’Torchwood’ comes stateside :: Saving the world & man-on-man sex
For some of us who don’t breathe, eat and live science fiction, the word "Torchwood" has always been something just barely out of our grasp. Yes, it’s known to be the name of a popular TV show in the United Kingdom; and, yes, it stars John Barrowman, a sexy, out actor who has occasionally popped up in American television in "Desperate Housewives" and (going way back) the short-lived soap "Central Park West."
And, yes, its out creator, Russell T. Davies, also created a little show that most of us are very aware of called "Queer as Folk" (the original UK version) as well as help to re-launch the classic sci-fi series "Doctor Who," of which "Torchwood" is a spin-off.
Starting this summer - this weekend, actually - "Torchwood" is coming to America in a big way and with compelling storytelling and focusing more on character than the usual sci-fi series, it is sure to suddenly become a part of the pop culture zeitgeist in the US.
A world without death?
Previously produced solely in the UK, the show shot its 10-episode fourth series, entitled "Miracle Day", in a new partnership between BBC Wales, BBC Worldwide and the premium channel Starz. Besides Barrowman and his fellow returning "Torchwood" castmates, Eve Myles and Kai Owen, familiar faces like Bill Pullman ("Independence Day"), Mekhi Phifer ("ER") and Lauren Ambrose ("Six Feet Under") also play prominent roles in the series.
In the series, we catch up with the members of "Torchwood," which is the name of a small group of alien hunters led by Captain Jack Harkness (Barrowman) and Gwen Cooper (Eve Myles), as they come out of hiding to confront a unique problem the world is having which is that suddenly, without explanation, people stop dying.
Capt. Jack :: a big, old gay
As Barrowman told EDGE’s Jim Halterman on the Los Angeles set of "Torchwood" this Spring, the miracle is soon realized to be not necessarily a positive. "We run into problems of population," he explained. "We run into problems of food. What do we do with the sick? What do we do with the dead? If you were in a car accident when this happened and your head was chopped off you’re still alive, you’re still in pain." Surely Captain Jack and his team can find a way to make things right again!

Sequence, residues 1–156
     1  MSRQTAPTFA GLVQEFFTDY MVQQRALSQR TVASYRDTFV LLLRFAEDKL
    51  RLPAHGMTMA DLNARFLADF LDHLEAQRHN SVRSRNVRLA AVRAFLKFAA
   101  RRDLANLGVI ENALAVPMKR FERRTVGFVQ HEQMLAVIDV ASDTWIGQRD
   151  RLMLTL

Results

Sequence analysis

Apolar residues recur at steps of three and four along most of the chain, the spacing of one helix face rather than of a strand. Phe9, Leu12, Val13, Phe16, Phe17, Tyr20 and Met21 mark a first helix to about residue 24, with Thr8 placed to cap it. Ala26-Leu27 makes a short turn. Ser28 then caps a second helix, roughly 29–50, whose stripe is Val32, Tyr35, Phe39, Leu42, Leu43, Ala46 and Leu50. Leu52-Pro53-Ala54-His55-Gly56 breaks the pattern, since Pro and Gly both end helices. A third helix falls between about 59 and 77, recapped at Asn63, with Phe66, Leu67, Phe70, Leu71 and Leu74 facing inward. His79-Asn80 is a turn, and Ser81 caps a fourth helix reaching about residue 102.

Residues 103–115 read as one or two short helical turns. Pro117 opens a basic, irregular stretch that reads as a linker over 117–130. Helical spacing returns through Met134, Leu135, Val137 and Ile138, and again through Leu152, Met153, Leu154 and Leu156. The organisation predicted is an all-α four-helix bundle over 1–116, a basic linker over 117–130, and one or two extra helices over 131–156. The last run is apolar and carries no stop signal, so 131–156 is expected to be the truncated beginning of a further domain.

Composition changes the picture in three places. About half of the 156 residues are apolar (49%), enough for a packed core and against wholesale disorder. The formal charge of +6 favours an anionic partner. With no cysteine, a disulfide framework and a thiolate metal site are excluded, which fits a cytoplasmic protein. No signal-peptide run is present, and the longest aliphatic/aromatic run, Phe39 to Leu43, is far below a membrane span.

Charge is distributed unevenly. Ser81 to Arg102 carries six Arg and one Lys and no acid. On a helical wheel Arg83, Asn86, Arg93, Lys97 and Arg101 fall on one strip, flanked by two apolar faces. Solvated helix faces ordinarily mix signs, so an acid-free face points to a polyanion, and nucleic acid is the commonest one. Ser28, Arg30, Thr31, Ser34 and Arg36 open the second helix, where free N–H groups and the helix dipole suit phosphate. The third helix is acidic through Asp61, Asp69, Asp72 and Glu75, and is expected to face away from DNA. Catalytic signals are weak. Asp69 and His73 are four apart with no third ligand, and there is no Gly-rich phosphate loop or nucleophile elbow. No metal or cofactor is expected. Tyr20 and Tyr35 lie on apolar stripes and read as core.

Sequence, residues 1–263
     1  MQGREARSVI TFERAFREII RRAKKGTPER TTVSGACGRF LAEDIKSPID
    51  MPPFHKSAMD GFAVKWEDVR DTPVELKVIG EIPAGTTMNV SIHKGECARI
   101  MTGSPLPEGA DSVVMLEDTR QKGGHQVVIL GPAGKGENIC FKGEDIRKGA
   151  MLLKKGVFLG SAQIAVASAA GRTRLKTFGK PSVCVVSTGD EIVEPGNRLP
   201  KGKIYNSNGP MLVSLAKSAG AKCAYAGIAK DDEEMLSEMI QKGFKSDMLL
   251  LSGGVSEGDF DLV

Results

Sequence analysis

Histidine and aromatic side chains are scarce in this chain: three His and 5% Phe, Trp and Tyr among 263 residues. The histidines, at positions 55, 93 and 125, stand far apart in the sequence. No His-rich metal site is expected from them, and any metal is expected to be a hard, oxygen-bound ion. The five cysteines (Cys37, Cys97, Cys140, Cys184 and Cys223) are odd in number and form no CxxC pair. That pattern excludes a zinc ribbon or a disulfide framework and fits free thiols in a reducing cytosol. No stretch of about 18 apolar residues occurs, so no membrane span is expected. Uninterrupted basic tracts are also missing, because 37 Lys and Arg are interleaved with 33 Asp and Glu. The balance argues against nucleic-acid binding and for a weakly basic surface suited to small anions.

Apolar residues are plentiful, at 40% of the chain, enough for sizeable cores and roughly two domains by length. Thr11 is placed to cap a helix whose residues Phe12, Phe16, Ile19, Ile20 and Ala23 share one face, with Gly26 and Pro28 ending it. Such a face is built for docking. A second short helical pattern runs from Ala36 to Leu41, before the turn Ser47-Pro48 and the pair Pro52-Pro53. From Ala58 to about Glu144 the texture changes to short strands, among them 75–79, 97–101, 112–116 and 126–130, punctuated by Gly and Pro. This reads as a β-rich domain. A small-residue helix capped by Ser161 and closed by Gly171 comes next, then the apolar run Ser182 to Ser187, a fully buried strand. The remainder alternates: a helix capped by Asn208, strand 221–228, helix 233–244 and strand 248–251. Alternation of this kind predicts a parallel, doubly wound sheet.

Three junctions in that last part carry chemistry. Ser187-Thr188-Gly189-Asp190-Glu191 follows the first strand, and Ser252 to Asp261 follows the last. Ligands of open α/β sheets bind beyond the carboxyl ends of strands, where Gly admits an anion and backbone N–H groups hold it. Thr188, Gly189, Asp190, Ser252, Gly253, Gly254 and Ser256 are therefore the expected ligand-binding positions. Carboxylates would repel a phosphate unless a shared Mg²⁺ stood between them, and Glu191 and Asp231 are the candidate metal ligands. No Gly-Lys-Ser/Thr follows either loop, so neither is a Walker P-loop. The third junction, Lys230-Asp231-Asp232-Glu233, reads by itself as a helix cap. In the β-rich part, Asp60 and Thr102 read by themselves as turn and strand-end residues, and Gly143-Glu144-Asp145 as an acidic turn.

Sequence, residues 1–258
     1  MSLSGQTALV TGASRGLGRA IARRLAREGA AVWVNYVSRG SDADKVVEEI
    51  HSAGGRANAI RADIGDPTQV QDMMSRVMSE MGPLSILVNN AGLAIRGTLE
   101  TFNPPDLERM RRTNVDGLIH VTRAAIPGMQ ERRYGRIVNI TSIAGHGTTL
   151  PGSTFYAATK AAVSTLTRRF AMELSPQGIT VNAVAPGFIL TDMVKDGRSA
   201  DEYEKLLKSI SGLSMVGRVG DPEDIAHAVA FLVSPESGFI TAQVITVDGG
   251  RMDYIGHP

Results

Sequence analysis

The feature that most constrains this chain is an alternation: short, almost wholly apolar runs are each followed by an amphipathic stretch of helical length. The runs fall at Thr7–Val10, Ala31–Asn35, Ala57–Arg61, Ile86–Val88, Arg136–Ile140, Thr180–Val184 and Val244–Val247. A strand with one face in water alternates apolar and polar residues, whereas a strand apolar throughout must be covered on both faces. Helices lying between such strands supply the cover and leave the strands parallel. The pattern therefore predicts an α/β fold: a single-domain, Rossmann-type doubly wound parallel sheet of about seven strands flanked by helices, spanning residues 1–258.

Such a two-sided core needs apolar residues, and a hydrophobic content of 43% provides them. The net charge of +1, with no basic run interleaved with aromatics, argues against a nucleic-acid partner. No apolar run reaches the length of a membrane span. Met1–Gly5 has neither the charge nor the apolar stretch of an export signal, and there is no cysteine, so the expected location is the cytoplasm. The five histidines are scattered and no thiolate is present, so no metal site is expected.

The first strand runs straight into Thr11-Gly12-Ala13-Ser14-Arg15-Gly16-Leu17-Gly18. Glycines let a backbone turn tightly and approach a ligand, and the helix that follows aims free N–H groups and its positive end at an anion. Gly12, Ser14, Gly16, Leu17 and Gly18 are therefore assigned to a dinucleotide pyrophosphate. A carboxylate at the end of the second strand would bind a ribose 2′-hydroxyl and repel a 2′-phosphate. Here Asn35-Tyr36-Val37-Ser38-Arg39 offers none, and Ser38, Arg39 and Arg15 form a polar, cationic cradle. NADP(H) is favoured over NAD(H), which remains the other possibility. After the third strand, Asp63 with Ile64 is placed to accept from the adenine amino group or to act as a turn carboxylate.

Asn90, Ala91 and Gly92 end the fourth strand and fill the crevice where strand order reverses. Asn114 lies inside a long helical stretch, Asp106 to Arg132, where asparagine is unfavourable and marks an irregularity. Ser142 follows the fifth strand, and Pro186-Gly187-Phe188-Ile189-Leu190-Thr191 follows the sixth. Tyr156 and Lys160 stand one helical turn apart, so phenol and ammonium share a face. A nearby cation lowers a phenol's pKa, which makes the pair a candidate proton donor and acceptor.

While there has been a lot of secrecy about the new series, what about the always sexy and smoldering love life of Captain Jack, who in the entire "Torchwood" series has been seen having relationships with men and women? Will Jack find time to satisfy his manly urges in between trying to save the world?
"Captain Jack is full of love and he’s full of lust, as well," Davies told EDGE. "We’re a premium cable show on Starz and we’re on BBC One, which is very strong and independent like HBO and Showtime but there will be some Jack-loving."
Barrowman was more than a little excited to discuss which gender Captain Jack would indeed be bedding this season. "I’ve had a couple of wonderful days where I woke up and my partner (Scott Gill) would say ’Where are you going?’ and I’d say ’I’m off to work to have sex with a 22-year old.’"
But, ever the flirty tease, Barrowman finally got around to letting the cat out of the bag, so to speak. "In the past we know Jack is omnisexual, we know he’s had a daughter and a grandchild so we know he’s had relationships with women and our old core audience will know all that but our new audience is just going to think he’s a big gay because it’s all men this season and I’m so glad!"
Story continues on following page:
Watch this behind-the-scenes preview of "Torchwood: Miracle Day":
Watch this BBC interview with John Barrowman from "Torchwood: Miracle Day":